Can you use "is" for "has" and "has been"? For example, would it be correct to say: "De jongen is een kat"? I'm guessing that would be incorrect, but I'm wondering because hovering over "is" in the sentence, suggests it could be translated for "is", "has", and "has been"? Bedankt!


    https://www.duolingo.com/profile/Maktaz

    Well, 'de jongen is een kat' is grammatically correct if you want to say 'the boy is a cat'. However, 'is' can only be used for 'hij/zij/het is' (he/she/it is) in the present time, the other versions of that verb look different.

    The full verb is 'zijn' as in 'wij zijn mannen' (we are men). The past tense of 'zijn' is 'was' and 'waren' (singular and plural respectively). The present perfect is 'geweest'.


    https://www.duolingo.com/profile/WheatsheafSK

    Last exercise I translated "Ik ben een jongen" as "I am a boy" and I was wrong. The right answer was I am a young man. This time with "Een jongen is een kind." I translated it to "the young man is a kid." and I was obviously wrong again.

    When is "een jongen" refer to a young man vs a boy?


    https://www.duolingo.com/profile/JoslynVera

    What os the difference between het and een?


    https://www.duolingo.com/profile/rajatagrawal217

    In Dutch, there are three articles: “de”, “het” and “een”. “Een” is the indefinite article, so when in English you'd say 'a' or 'an', in Dutch you say “een”. The definite articles “de” and “het” don't have very clear rules for when you're supposed to use which; this will mostly be learning by heart and developing a feeling for it. However, there are some guidelines to help you along: -Diminutives: het. Diminutives can be recognised by their suffix; they end in -je, -tje, -etje, -pje, or -mpje. -Infinitives used as nouns – the gerund: het. When the infinitive form of a verb is used as a noun (e.g. 'the walking of the dog'), Dutch uses ‘het’ (het lopen van de hond). -Words ending in -um, -aat or -isme: het. With the exception of nouns that refer to people (e.g. de advocaat, 'the lawyer') - people are always referred to as ‘de’. -Most nouns beginning with ge-, be- and ver-: het. However, nouns which end in -ing do not follow this rule: those always use ‘de’. -Plurals: de. Whatever the singular article is, the plural is always ‘de’. -Obviously feminine or masculine nouns: de. Gender is very difficult to tell in Dutch, but obvious words like 'woman' (vrouw) and man get de. -Nouns ending in -tie, -thie, -sie, -aar, -eur, -er and -or: ‘de’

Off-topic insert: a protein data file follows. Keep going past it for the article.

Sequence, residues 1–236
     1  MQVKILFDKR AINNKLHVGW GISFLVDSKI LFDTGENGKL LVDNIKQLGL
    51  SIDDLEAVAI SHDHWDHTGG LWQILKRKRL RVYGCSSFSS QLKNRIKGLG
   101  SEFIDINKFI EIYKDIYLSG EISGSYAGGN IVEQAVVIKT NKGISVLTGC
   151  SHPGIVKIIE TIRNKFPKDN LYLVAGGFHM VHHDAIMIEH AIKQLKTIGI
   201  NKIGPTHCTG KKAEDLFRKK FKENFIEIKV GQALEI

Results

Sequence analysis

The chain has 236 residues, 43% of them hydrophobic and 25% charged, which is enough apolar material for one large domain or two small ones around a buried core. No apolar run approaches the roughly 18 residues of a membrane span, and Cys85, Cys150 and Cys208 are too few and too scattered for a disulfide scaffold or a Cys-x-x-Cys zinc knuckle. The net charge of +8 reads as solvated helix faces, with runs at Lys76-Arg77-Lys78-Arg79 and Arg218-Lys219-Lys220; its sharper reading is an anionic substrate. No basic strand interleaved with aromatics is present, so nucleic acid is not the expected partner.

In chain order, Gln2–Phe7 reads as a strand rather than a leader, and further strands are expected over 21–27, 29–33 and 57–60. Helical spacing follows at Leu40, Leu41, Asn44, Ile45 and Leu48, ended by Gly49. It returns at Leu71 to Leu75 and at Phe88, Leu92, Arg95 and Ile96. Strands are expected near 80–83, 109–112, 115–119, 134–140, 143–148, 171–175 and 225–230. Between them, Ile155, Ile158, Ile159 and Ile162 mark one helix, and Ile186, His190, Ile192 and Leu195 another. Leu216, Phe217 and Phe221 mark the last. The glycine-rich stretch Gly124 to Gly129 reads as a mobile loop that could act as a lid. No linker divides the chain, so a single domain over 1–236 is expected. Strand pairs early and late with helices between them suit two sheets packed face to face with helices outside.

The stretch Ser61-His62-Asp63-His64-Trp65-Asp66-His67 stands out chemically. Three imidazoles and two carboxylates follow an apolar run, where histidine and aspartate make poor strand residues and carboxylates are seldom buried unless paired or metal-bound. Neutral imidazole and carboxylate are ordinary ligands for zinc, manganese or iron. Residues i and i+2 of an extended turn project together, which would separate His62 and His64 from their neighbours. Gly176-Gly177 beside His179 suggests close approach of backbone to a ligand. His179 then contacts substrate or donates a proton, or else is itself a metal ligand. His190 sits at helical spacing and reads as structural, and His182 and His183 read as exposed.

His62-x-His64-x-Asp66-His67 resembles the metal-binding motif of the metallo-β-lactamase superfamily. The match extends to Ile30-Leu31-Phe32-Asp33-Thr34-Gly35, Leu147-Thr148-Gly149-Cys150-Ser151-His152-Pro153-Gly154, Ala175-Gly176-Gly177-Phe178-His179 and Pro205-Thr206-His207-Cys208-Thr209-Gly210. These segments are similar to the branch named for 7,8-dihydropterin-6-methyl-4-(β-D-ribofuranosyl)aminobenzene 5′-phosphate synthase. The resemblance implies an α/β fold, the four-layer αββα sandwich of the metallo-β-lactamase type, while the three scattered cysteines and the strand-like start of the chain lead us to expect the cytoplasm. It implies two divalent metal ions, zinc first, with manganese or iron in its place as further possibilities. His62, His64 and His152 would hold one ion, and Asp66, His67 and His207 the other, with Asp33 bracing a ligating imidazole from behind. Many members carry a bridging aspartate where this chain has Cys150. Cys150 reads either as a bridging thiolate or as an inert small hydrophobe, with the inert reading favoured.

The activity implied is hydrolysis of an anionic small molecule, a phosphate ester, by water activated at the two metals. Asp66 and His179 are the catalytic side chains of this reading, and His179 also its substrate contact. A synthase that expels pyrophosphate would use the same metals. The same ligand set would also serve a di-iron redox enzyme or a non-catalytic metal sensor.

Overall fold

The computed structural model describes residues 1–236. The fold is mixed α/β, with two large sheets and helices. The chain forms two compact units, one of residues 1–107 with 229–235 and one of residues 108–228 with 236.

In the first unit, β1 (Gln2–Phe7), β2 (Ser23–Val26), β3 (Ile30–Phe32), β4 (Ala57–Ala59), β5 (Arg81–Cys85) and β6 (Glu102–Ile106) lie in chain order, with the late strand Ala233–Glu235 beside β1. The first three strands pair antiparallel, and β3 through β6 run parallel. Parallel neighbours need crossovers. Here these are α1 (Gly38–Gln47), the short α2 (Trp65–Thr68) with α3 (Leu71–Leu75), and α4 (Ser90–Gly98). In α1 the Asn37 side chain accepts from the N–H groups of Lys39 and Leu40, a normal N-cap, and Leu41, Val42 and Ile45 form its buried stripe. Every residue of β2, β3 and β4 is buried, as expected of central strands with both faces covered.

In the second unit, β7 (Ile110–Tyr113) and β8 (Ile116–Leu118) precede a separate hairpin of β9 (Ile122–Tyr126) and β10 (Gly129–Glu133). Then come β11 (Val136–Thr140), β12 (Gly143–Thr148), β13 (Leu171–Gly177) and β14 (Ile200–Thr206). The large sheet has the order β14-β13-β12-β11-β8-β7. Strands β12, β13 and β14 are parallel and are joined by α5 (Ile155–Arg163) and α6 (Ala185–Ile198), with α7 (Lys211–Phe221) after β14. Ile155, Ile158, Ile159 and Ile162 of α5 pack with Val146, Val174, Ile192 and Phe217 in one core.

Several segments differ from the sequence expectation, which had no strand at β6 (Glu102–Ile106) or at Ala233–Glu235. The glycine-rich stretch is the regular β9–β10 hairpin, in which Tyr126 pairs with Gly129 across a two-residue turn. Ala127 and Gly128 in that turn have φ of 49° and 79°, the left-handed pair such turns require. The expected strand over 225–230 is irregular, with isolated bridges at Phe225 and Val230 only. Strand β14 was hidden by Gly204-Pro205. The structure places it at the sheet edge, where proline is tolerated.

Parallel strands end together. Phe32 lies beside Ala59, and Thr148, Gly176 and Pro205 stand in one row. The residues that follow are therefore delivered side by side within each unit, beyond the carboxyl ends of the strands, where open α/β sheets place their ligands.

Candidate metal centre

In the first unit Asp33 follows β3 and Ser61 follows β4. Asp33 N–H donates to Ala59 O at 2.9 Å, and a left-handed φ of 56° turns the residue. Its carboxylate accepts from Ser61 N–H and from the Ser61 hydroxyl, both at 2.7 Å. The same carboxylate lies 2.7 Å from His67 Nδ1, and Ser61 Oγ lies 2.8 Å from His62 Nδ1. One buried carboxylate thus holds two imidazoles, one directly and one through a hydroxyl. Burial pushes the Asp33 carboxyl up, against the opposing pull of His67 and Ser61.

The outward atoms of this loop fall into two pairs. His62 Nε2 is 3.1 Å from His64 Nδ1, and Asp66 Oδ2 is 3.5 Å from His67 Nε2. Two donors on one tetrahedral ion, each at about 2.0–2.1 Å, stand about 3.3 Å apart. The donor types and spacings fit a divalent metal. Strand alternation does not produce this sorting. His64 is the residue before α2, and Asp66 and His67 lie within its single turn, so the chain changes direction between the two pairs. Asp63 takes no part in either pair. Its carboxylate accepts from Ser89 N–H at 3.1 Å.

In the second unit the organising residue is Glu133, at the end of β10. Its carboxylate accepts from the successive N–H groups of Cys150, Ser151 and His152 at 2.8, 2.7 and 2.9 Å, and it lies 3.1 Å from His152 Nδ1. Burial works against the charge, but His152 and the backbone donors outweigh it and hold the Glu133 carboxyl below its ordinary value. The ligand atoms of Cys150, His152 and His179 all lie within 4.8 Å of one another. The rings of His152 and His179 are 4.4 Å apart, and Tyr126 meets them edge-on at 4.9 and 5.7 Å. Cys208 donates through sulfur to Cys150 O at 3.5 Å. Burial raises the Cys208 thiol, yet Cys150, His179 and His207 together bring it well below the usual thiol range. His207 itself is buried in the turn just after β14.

https://www.duolingo.com/profile/Altruistic_Bree

    I'm so glad that it is pretty similar to German and that is sounds a little like English!!!


    https://www.duolingo.com/profile/KyleCourter

    Is "is" in dutch pronounced like ish


    https://www.duolingo.com/profile/Ibins8

    German native speaker with good english skills learning dutch with an english course. Yes, I am already starting to be confused. Half of the time they ask me to write in English I start writing in German before I correct myself. In German the sentence is "Ein Junge ist ein Kind" btw. So nearly the same as in Dutch.


    https://www.duolingo.com/profile/xMerrie
    Mod
    • 38

    I had the exact same problem when I tried the German course! xD
    After a while I stopped, because I could literally not come up with the English translation. ^^


    https://www.duolingo.com/profile/DianaPosth

    Een and een is spelt the same but one is one and the other is a, how do you tell the difference?


    https://www.duolingo.com/profile/Jeremy814489

    Accents when it means "one," and it's pronounced differently.


    https://www.duolingo.com/profile/LanguageForLife1

    Two questions on pronunciation. 1: How do you say "is"? 2: Does "kind" have sort of a t sound on the end?


    https://www.duolingo.com/profile/languagepotato
    1. like the english word miss but without the m.

    2. yes, at the end of a word the d sound becomes t (as in the english word stop, not as in the english word top (i.e. without the extra puff of air)


    https://www.duolingo.com/profile/pizspozseng

    When is s pronounced sh?


    https://www.duolingo.com/profile/languagepotato

    That's mainly dialectical differences


    https://www.duolingo.com/profile/Guganathan

    I stated correct but the app failed me


    https://www.duolingo.com/profile/Landen357386

    Any one else always put kid instead of child


    https://www.duolingo.com/profile/Tessa347010

    I hate these tupes of questions; I always get them wrong because of spelling


    https://www.duolingo.com/profile/RachelAnde4

    If you say "Jongen een" does it still mean "a boy" or do you need to say "een" before the noun?


    https://www.duolingo.com/profile/yopigous

    I think that you'd need to have the "een" before the noun, because otherwise it doesn't make sense, or in some cases, it might mean something completely different.


    https://www.duolingo.com/profile/BeanJam

    a boy is not always a child, it can be a teenager a baby an adult and old man a corpse and, of course, a pre-teen!


    https://www.duolingo.com/profile/AngelaGres

    why is "the boy is a child" wrong? Why wont it accept it? Can I get a reason?


    https://www.duolingo.com/profile/Jeremy814489

    Because it should be "A boy" not "the boy."


    https://www.duolingo.com/profile/Mqstical

    Oh god... I thought "Een" was different from "een"!


    https://www.duolingo.com/profile/JoaqunAVsq

    I'm a spanish speaker, I do speak english and a few months ago I decided to learn german because of the accent similitudes from my perspective, now this... Is so funny kind of easy way...

    Learn Dutch in just 5 minutes a day. For free.